In Saudi Arabia on Saturday, where he will meet with Arab leaders, US President Joe Biden will talk about the fluctuating price of oil. This will be the last stop on his Middle East visit.
The six-member Gulf Cooperation Council, as well as Egypt, Jordan, and Iraq’s presidents, will gather in Jeddah, Saudi Arabia’s second-largest city on the Red Sea coast.
Biden arrived in Saudi Arabia on Friday and met with King Salman, de facto ruler Crown Prince Mohammed bin Salman, and other senior Saudi officials. Saudi Arabia is a longtime US ally that Biden once pledged to make a “pariah” for its human rights record.
Tensions between Biden and Prince Mohammed had been particularly high after Biden’s administration made public US intelligence findings that claimed Prince Mohammed had “approved” an operation aimed at journalist Jamal Khashoggi, whose gruesome murder in the Saudi Arabian consulate in Istanbul in 2018 sparked outrage around the world.
Biden now seems prepared to re-engage with a nation that has long been an important strategic friend of the United States, a significant oil supplier, and an eager purchaser of weaponry.
The United States’ top petroleum exporter is urged by Washington to open the floodgates and lower gasoline prices, which are threatening Democratic chances in the next midterm elections.
Human rights of people
On the aircraft to Jeddah, though, Jake Sullivan, Biden’s national security advisor, tempered hopes for quick progress when speaking with reporters.
You shouldn’t anticipate a specific announcement here bilaterally, he added.
Sullivan, referring to the larger group of oil producers known as OPEC+, stated, “We believe any additional action taken to guarantee that there is adequate energy to maintain the health of the global economy will be done in the framework of OPEC+.”
For the US’s involvement in the Middle East, Biden will be able to “set out clearly and substantively his vision and his plan” during the summit, he continued.
According to Biden, his visit “is about reinforcing America’s influence in this area for the future.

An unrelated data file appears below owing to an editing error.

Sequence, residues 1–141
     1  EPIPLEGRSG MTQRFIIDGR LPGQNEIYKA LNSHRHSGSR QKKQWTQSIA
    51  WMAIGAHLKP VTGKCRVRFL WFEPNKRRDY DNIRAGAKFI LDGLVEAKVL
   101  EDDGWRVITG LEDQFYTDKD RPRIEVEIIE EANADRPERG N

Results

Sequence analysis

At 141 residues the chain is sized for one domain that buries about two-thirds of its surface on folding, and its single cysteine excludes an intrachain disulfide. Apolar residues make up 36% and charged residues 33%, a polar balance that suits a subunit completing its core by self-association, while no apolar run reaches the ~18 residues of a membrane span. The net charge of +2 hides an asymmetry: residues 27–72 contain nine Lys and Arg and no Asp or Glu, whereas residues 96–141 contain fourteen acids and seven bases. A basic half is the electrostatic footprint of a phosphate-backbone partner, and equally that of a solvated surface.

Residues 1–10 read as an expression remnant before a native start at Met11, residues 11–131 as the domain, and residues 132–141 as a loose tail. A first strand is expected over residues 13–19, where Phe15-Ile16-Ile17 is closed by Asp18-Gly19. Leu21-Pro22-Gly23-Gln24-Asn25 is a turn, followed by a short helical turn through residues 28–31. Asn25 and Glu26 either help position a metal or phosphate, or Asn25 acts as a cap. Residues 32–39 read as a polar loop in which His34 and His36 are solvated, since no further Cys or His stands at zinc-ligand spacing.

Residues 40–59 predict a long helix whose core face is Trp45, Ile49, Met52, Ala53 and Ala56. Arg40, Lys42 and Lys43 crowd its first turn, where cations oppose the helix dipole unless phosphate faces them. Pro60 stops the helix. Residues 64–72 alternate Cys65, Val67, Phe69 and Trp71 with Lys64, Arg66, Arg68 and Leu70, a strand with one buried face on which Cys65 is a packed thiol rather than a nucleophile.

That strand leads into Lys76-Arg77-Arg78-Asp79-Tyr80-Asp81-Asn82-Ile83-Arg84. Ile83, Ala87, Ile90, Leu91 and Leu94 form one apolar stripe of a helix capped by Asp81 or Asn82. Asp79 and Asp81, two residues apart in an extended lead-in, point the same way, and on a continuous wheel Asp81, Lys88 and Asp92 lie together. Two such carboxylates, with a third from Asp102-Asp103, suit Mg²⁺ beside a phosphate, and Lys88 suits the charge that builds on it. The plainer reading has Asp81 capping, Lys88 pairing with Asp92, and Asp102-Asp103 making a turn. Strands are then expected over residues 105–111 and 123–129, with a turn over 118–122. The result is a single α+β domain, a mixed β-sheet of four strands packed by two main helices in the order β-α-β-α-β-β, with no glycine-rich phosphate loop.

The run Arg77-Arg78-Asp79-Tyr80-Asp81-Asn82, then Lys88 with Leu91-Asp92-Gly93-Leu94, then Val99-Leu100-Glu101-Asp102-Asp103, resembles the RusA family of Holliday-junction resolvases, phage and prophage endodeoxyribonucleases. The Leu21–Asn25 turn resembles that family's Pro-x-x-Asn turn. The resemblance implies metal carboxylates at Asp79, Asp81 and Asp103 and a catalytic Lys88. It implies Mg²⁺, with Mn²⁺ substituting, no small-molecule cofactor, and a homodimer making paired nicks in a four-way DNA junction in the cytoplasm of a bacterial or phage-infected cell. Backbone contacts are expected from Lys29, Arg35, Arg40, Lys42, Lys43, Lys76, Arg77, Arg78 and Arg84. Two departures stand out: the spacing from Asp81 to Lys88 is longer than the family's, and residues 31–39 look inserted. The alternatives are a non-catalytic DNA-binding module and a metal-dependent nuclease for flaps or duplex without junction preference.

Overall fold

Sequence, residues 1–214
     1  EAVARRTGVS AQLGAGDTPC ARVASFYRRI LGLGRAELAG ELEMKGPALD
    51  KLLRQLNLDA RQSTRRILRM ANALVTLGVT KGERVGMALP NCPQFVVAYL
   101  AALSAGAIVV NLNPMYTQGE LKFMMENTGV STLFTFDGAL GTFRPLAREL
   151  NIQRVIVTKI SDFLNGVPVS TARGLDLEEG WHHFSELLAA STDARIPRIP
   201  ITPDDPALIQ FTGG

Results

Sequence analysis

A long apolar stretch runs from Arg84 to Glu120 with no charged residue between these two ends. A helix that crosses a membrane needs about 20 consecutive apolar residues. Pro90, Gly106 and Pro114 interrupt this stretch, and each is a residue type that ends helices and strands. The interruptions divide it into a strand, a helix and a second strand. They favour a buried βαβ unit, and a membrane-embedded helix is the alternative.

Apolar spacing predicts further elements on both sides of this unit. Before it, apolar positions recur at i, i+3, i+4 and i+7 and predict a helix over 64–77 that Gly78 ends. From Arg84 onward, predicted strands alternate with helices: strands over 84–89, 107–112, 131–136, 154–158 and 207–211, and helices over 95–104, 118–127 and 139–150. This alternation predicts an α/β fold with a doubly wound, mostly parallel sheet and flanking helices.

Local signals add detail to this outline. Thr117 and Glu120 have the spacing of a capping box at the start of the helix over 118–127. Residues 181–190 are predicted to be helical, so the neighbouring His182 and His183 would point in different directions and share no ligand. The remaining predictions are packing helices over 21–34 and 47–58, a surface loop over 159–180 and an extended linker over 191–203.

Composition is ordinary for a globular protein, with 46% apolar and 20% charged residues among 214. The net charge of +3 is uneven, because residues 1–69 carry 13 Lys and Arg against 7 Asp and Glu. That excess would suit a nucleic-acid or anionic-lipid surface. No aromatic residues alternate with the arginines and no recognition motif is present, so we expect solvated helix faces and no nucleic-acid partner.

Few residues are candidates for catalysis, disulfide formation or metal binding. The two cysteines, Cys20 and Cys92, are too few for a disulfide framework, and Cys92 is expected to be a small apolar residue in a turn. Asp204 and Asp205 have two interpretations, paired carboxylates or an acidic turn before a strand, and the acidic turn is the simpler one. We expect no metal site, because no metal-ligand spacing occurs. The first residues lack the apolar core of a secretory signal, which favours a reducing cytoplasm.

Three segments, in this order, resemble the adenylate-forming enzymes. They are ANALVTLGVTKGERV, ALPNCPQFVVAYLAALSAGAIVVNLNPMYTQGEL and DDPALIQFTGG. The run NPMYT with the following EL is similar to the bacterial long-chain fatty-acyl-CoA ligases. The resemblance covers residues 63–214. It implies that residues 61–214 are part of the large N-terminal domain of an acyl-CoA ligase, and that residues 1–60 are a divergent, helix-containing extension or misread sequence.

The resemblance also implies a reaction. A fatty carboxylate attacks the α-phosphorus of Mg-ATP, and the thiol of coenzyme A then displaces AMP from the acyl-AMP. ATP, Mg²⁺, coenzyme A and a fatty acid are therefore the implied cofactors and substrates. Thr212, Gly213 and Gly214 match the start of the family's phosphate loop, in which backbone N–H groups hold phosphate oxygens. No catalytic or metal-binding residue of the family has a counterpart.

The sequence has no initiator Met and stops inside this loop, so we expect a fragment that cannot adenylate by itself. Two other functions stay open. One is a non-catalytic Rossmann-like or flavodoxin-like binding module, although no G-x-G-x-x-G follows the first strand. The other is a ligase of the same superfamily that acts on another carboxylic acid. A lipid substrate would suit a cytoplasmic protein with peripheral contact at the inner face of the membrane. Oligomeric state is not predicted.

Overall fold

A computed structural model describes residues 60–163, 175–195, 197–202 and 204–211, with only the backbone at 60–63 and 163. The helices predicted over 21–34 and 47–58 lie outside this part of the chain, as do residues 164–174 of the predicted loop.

He maintained, “We are not going to leave a Middle East power vacuum for Russia or China to occupy.
links to Israel
Officials from the White House have attempted to encourage unity between Israel and Arab countries by using the trip.
On Saturday’s agenda is also likely to be the subject of the key Red Sea islands of Tiran and neighbouring Sanafir.
Egypt gave the islands to Saudi Arabia in 2016, but the agreement needs Israel’s approval, which might lead to discussions between Jerusalem and Riyadh.
Biden announced on Friday that a long-standing international peacekeeping team, which includes US soldiers, will disband in Tiran; the White House later confirmed this.
The US-mediated Abraham Accords, which established relations between Israel and two of the kingdom’s neighbours in 2020—the United Arab Emirates and Bahrain—have been rejected by Saudi Arabia.
Riyadh has stated repeatedly that it will uphold the Arab League’s long-standing policy of delaying diplomatic relations with Israel until the situation with the Palestinians is settled.
However, it is shown indications of increasing receptivity towards Israel and announced on Friday that overflight restrictions on planes flying to and from Israel will be lifted. Biden welcomed this decision as “historic.”
Yair Lapid, the acting Israeli prime minister, continued, “This is the first formal step towards normalisation with Saudi Arabia.”